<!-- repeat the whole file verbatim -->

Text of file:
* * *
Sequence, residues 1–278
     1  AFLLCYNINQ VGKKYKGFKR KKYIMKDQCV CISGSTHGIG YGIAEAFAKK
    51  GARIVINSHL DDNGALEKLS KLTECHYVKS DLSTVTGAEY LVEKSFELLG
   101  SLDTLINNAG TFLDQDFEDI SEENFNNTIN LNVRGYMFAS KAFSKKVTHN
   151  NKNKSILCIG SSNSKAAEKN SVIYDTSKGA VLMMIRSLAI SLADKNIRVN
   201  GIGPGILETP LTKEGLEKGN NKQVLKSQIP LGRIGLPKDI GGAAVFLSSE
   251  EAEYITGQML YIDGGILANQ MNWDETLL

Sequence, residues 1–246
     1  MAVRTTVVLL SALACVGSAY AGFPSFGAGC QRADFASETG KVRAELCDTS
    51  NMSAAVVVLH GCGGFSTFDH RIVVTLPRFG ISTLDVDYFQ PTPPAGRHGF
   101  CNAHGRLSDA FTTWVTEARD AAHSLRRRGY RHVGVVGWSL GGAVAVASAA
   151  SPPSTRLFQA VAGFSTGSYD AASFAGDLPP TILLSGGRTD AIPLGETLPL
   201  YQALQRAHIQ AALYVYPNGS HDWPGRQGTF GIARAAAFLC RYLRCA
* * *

Sequence, residues 1–278
     1  AFLLCYNINQ VGKKYKGFKR KKYIMKDQCV CISGSTHGIG YGIAEAFAKK
    51  GARIVINSHL DDNGALEKLS KLTECHYVKS DLSTVTGAEY LVEKSFELLG
   101  SLDTLINNAG TFLDQDFEDI SEENFNNTIN LNVRGYMFAS KAFSKKVTHN
   151  NKNKSILCIG SSNSKAAEKN SVIYDTSKGA VLMMIRSLAI SLADKNIRVN
   201  GIGPGILETP LTKEGLEKGN NKQVLKSQIP LGRIGLPKDI GGAAVFLSSE
   251  EAEYITGQML YIDGGILANQ MNWDETLL

Sequence, residues 1–246
     1  MAVRTTVVLL SALACVGSAY AGFPSFGAGC QRADFASETG KVRAELCDTS
    51  NMSAAVVVLH GCGGFSTFDH RIVVTLPRFG ISTLDVDYFQ PTPPAGRHGF
   101  CNAHGRLSDA FTTWVTEARD AAHSLRRRGY RHVGVVGWSL GGAVAVASAA
   151  SPPSTRLFQA VAGFSTGSYD AASFAGDLPP TILLSGGRTD AIPLGETLPL
   201  YQALQRAHIQ AALYVYPNGS HDWPGRQGTF GIARAAAFLC RYLRCA